5. Gutterman, Steve. "Putin signs Crimea treaty, will not seize other Ukraine regions". Reuters.com. Retrieved 26 March 2014.
  6. (in Ukrainian) Council appointed 10 election of mayors, Ukrayinska Pravda (17 June 2014)
  7. "Rada passed a law about the local elections". Ukrayinska Pravda (in Ukrainian). 8 April 2014. Retrieved 8 April 2014.
  8. "Rada made the elections of mayors of big cities into two rounds". Ukrayinska Pravda (in Ukrainian). 10 April 2014. Retrieved 10 April 2014.
  9. "Rada announces early elections to over 200 localities". Capital.ua (in Russian). 15 March 2014. Retrieved 16 March 2014.
  10. "Rada announces early elections for mayors". Ukrayinska Pravda (in Ukrainian). 15 March 2014. Retrieved 16 March 2014.
  11. Laws of Ukraine. Verkhovna Rada of Ukraine No. 1130-VII: On the announcement of early elections of the deputies of the Cherkasy City Council (City of Cherkasy, Cherkasy Oblast). Adopted on 17 March 2014. (Ukrainian)
  12. "Rada announced elections for 10 mayors". Ukrayinska Pravda (in Ukrainian). 25 March 2014. Retrieved 25 March 2014.
  13. Klitschko officially announced as winner of Kyiv mayor election, Interfax-Ukraine (4 June 2014)
  14. (in Ukrainian) In Kyivrada are 9 parties - official results, Ukrayinska Pravda (3 June 2014)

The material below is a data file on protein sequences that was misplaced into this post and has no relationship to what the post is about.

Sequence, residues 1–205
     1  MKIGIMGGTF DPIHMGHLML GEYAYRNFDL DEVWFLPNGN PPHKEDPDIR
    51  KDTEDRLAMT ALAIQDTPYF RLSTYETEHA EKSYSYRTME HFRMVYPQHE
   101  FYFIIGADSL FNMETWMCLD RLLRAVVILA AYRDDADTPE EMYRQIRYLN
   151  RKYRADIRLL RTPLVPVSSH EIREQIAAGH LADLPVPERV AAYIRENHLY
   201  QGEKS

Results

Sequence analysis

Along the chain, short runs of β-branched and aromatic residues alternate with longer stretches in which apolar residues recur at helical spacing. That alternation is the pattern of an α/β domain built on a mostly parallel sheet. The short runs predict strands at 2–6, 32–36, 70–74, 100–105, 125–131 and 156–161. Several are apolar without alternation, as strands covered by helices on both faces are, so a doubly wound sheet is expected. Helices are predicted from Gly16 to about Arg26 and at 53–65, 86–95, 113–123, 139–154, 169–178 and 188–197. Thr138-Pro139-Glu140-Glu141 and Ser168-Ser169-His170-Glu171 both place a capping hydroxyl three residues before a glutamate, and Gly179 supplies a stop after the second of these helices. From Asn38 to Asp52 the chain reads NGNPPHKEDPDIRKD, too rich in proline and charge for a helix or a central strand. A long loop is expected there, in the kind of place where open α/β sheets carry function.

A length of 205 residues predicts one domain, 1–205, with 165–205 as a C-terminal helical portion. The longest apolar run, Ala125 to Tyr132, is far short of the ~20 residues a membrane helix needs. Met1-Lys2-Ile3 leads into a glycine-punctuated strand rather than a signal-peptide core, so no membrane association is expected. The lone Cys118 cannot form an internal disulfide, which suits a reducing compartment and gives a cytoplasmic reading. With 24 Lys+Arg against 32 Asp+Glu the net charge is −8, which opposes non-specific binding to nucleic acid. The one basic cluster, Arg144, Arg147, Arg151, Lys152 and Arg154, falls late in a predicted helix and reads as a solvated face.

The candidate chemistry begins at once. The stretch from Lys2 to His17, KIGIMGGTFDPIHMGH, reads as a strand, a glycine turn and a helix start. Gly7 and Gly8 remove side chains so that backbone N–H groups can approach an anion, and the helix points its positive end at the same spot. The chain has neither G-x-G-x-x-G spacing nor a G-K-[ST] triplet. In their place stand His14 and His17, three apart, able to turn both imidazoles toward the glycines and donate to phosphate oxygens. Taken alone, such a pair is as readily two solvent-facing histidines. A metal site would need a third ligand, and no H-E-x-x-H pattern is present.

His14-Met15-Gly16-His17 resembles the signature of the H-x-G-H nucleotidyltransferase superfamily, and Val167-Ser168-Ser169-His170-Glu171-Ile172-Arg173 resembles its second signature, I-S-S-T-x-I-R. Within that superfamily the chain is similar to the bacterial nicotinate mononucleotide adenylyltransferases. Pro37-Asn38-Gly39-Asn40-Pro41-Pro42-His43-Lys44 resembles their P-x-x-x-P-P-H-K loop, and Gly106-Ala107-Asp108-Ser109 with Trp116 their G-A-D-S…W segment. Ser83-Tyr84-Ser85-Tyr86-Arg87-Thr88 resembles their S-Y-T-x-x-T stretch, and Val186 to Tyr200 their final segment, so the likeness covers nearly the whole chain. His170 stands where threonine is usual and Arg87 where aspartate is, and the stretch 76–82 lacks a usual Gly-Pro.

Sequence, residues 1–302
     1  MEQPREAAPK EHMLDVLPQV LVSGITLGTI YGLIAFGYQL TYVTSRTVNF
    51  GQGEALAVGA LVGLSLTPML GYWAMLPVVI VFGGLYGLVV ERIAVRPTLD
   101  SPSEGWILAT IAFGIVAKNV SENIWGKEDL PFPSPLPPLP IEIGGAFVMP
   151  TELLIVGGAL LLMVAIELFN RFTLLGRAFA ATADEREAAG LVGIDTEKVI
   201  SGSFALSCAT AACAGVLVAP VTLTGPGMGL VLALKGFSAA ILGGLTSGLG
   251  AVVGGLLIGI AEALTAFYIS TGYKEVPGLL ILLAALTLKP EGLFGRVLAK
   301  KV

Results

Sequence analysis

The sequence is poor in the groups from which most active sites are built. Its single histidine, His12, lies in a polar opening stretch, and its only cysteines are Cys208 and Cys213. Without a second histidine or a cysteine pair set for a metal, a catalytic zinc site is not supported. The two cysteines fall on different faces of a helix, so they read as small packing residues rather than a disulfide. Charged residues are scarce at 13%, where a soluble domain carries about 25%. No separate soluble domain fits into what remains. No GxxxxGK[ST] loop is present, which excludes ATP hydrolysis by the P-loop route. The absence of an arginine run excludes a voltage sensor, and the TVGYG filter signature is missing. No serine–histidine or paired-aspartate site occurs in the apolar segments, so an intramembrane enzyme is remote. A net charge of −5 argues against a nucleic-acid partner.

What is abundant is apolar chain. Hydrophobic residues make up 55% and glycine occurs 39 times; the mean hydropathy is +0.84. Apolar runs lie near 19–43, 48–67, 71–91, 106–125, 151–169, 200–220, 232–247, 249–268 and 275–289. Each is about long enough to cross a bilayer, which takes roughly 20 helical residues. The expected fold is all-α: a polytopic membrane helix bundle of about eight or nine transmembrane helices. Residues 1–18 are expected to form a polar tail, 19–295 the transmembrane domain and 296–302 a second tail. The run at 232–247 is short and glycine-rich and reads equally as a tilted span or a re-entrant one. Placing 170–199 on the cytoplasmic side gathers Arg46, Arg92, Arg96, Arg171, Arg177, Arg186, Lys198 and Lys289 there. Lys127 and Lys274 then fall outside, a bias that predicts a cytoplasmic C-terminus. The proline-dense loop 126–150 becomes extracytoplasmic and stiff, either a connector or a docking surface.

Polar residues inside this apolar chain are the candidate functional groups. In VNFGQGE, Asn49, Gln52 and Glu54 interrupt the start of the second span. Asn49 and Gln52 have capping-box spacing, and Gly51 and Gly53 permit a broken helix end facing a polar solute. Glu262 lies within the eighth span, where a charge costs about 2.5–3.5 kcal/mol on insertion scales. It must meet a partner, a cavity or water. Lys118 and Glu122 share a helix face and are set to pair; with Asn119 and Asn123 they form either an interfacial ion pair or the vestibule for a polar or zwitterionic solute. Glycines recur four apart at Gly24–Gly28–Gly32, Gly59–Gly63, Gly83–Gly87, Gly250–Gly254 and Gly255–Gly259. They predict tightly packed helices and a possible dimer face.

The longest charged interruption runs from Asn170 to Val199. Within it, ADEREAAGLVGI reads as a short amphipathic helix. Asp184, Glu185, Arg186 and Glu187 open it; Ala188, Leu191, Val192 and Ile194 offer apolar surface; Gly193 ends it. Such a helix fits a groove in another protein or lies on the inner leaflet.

(in Ukrainian) 60% of the new Kyivrada is filled by UDAR, Ukrayinska Pravda (4 June 2014)
  15. (in Ukrainian) UDAR has 75% of the constituencies in Kyivrada, Ukrayinska Pravda (3 June 2014)
    (in Ukrainian) 60% of the new Kyivrada is filled by UDAR, Ukrayinska Pravda (4 June 2014)
  16. http://en.itar-tass.com/world/733526
  17. http://www.kyivpost.com/content/ukraine/acting-mayors-of-mykolaiv-and-kherson-win-mayoral-elections-in-cities-349790.html
  18. "Archived copy". Archived from the original on 2016-03-04. Retrieved 2014-06-25.CS1 maint: archived copy as title (link)
  19. http://en.interfax.com.ua/news/general/206950.html
  20. http://expres.ua/news/2014/05/28/107114-merom-hersonu-oficiyno-stala-lyudyna-ne-dopustyla-separatyzmu-misti-vterla
  21. "Archived copy". Archived from the original on 2014-05-31. Retrieved 2014-06-25.CS1 maint: archived copy as title (link)
  22. http://www.pravda.com.ua/news/2014/05/29/7027390/
  23. (in Ukrainian) CEC dispersed Cherkasy TEC because it violated the law, Ukrayinska Pravda (4 June 2014)
  24. "Archived copy". Archived from the original on 2016-03-04. Retrieved 2014-06-25.CS1 maint: archived copy as title (link)